A Cook, A Caravan, A Canoe

SJ Finn on the real and mythical, the bizarre and banal in Wayne Macauley’s writing.

I buy Australian literary magazines as often as I can. This is because I love reading them. And because there is that small issue of those magazines needing all the monetary support they can get: a testimony, perhaps, to the difficulty of knowing what true value is in a modern world.

Over and above general pleasure, there are occasions when my appreciation soars. The publication of Wayne Macauley’s short story ‘Keilor Cranium’ in Meanjin late last year was one such instance, and I remembered why I have been drawn to this writer over the years. Like one critic from The Bulletin wrote of Macauley’s first novel, Blueprints for a Barbed-Wire Canoe: ‘[L]ike falling into a bale of barbed wire in the dark and fighting to get out till morning. The more I struggled, the more it got under my skin.’

The reader consuming ‘Keilor Cranium’ could be forgiven for thinking that the piece is non-fiction, certainly at first anyway. It starts with a fact about the actual discovery of an Aboriginal skull by a man called James White in 1940 near the Maribyrnong River. Slowly, however, the story, which is about the quest to find a missing piece of the artefact, becomes a tale about suburban endeavour – an endeavour both serious and curious, straightforward and paradoxical; a story that brings up questions about our modern lives.

Traversing the ordinary and drawing out the peculiar is the hallmark of Macauley’s three novels. From the housing estate in Blueprints for a Barbed-Wire Canoe – so ubiquitous in Australia and never more so than in the sprawling city of Melbourne – to the domestic community in Caravan Story, Macauley travels the landscape of the common experience with almost sublime casualness. All of this is interlaced with an ascending incongruity that can sometimes stretch to the bizarre, and his ability to suspend the reader there in that strange but familiar world creates a wonderful Orwellian reality.

Macauley’s latest novel, The Cook, is no exception. Here, a young man, Zac, joins a program that is designed to teach the disenfranchised to become chefs. We discover the concerns and affectations of our narrator, and, while we might assume that Zac has every reason to be angry, he behaves in an exemplary, if not somewhat mechanical, manner. Zac is courteous and hardworking, not to mention devoted to his superiors. These unexpected sentiments make him both compelling and uncertain, as we find Zac to be a compendium of sincerity:

There is a knife for everything not like at home where one will do we have to learn about them all. Also the pots I have never seen so many pots. And frying pans. Fabian made a pasta bang bang bang you should see how fast he goes! When he finished he handed it around we each had a taste it was nice but a bit spicy for me. Some of the kids held their forks with a fist you could see Fabian’s face but he didn’t say anything because it’s early days and we’re still learning those kids will get it eventually.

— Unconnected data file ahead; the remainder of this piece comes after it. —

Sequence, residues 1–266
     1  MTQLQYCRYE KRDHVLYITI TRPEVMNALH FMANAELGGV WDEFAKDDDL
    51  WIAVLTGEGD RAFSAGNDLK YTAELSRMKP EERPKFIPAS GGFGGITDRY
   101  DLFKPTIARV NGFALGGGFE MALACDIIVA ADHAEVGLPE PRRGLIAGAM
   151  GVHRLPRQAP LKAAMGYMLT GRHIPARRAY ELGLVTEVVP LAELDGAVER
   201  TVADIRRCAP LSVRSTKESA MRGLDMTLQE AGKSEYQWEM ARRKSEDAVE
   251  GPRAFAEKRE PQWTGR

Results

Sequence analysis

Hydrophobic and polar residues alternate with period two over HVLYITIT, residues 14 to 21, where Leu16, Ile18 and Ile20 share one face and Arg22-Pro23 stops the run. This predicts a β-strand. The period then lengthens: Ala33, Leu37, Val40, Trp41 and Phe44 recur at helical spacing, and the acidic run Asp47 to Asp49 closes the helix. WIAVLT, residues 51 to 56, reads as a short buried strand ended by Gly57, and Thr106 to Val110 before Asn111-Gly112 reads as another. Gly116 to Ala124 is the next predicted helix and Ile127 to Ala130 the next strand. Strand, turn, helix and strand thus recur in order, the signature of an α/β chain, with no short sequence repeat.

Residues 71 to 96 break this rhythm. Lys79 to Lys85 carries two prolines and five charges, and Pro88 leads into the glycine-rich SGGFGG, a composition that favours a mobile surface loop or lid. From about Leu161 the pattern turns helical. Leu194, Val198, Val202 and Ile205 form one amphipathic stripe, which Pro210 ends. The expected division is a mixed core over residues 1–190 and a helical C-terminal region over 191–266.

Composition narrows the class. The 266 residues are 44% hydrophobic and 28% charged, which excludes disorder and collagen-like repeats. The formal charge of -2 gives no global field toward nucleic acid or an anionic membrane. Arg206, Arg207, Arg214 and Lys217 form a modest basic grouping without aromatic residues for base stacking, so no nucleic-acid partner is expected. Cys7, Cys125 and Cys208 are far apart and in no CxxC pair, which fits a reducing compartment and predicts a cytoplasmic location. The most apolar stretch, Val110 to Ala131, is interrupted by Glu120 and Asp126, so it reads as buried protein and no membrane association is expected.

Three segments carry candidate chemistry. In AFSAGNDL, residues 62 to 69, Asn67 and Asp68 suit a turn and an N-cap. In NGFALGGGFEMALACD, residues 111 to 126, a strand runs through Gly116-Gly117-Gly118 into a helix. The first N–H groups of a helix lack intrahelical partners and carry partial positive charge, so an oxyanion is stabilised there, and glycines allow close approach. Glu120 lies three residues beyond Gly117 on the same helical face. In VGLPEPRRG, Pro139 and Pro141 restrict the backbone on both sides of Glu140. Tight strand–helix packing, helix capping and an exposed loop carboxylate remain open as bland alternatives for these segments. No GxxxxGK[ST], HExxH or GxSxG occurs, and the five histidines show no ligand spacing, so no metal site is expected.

Macauley sets the tone of the everyday by his use of language. The Cook is completely devoid of commas, and the rolling sentences work to both relax and alert the reader. They put us at the centre of something which might best be described as a little odd. We know things about the protagonist: his low socio-economic background, his lack of formal education, his energetic, bright and personable traits, but we’re never quite sure we understand him. Our feet might be on the ground but they may also be disconcertingly inserted in it.

Stylistically, Macauley has been compared to Robert Walser, the German-speaking Swiss writer (and indeed Walser’s 1909 modernist novel, Jakob von Gunten, provides the epigraph for The Cook). Comparisons between the two books make sense. In Jakob von Gunten, Walser’s long, laconic sentences show the reader how astutely amenable Jakob is, while depicting the protagonist and his place in the world with disquieting precision. The novel begins: ‘One learns very little here, there is a shortage of teachers, and none of us boys of the Benjamenta Institute will come to anything, that is to say, we will all be something very small and insubordinate later in life.’

Where the two writers diverge is in the dark force that Macauley sculpts out of his benign dioramas. The Cook, for example, tracks the meticulous care Zac takes as he prepares live animals for the cooking class by feeding them flavoursome foods. The details of their slaughter are then presented with cold exactness. Later in the book, a local butcher continues his personable service to wealthy housewives despite their failure to pay him, resulting in a growing amount of credit. This interlacing of care and destruction occurs to great effect in The Cook. The wholesome and diabolical are held in the same hand and, like every good fable, this sense of foreboding lingers on.

Uncomfortably recognisable, Macauley’s stories remind us of the predicaments our communities face, whether we are talking about those who settle in the vast suburbs we construct (Blueprints for a Barbed-Wire Canoe) or those who live as artists (Caravan Story) or the marginalised (The Cook). The easy language and familiar scenes lead us along a path where the bizarre becomes purposeful, and where the rhythm, both new and offbeat, reverberates long after the covers have been closed.

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